You may notice that I have been talking about incident versus request rather than change versus request. this is because I am concerned about the issues of non-conformance. I often have problems with terminology in these situations. Sometimes ITIL offers a series of terms and people try to do everything with just these terms. also sometimes it is the software that tries to apply the straitjacket.

Once you have established the incident as an incident, I see no reason why it cannot be passed to a process that makes the change with the correct controls defined by a procedure for switching the vlan of a machine. This may mean that you do not need, for example, to invoke a CAB. You can have pre-determined authority and procedure for the task. However this is not well named as a "standard change request" because the request is not standard and to retain what I think is needed in incident status, you would probably have to enter everything twice in order to treat it subsequently as a request.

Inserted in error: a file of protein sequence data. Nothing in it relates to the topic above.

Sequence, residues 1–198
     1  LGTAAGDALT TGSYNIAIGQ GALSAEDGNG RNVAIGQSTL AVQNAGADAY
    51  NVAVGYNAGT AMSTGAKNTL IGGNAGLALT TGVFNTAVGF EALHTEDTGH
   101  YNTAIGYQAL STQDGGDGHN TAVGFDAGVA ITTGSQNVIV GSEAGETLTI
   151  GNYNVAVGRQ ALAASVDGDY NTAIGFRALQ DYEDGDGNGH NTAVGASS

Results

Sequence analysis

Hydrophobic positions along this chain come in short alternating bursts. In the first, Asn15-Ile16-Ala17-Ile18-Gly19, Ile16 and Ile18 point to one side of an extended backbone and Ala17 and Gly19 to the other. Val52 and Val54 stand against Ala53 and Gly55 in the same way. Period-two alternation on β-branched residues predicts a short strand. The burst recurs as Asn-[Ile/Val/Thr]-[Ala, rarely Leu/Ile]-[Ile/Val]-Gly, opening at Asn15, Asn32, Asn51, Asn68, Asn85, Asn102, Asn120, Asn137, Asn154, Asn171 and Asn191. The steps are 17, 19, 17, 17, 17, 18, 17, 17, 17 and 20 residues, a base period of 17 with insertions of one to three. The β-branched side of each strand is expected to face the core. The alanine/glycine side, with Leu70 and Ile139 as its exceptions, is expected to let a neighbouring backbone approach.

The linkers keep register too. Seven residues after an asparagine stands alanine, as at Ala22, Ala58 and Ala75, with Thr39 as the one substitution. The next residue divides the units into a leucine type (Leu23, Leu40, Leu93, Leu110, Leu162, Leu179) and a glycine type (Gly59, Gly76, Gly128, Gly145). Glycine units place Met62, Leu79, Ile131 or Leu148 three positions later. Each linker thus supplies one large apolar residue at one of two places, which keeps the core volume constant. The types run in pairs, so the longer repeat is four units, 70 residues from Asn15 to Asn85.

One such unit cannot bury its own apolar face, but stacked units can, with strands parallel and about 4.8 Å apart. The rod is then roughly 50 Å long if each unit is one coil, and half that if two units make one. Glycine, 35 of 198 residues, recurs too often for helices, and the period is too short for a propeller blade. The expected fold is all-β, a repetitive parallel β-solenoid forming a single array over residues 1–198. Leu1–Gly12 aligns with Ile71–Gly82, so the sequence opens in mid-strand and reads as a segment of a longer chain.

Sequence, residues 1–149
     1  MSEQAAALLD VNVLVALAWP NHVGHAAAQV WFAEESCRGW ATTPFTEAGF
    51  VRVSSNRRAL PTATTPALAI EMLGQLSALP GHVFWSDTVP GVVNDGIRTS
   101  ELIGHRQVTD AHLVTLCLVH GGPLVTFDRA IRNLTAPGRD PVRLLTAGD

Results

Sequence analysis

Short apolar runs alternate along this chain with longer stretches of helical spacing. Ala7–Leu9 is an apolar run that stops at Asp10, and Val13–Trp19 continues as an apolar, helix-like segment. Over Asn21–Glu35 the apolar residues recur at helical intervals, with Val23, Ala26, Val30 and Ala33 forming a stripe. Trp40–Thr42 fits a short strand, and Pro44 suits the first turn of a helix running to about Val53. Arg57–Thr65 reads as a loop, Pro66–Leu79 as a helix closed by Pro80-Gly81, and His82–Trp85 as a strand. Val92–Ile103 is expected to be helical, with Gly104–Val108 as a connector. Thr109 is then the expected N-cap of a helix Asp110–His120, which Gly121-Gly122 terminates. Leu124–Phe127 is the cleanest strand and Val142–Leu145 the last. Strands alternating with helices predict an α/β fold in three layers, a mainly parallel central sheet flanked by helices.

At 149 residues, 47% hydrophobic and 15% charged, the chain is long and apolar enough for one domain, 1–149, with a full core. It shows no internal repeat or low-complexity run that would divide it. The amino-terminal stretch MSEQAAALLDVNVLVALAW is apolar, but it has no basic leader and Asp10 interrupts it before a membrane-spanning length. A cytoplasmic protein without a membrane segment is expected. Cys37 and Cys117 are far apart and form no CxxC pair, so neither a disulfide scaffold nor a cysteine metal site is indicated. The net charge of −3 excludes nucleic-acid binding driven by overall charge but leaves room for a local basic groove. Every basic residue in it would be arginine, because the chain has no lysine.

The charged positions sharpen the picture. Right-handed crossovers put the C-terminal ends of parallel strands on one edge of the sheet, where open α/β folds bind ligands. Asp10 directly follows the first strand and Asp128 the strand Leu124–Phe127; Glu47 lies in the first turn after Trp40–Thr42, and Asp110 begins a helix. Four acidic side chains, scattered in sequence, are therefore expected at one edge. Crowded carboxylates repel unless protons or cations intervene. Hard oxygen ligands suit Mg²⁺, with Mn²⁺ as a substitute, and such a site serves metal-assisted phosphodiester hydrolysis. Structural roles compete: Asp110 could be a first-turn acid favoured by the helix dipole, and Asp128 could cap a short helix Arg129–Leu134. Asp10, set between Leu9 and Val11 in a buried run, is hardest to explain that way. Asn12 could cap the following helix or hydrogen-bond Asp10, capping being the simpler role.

PS asrilrm is correct. Change is change. Impact may be small, but even then it gets much larger if the change is done incorrectly or has further, unanticipated consequences or if it is a cost without a benefit.
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"Method goes far to prevent trouble in business: for it makes the task easy, hinders confusion, saves abundance of time, and instructs those that have business depending, both what to do and what to hope."
William Penn 1644-1718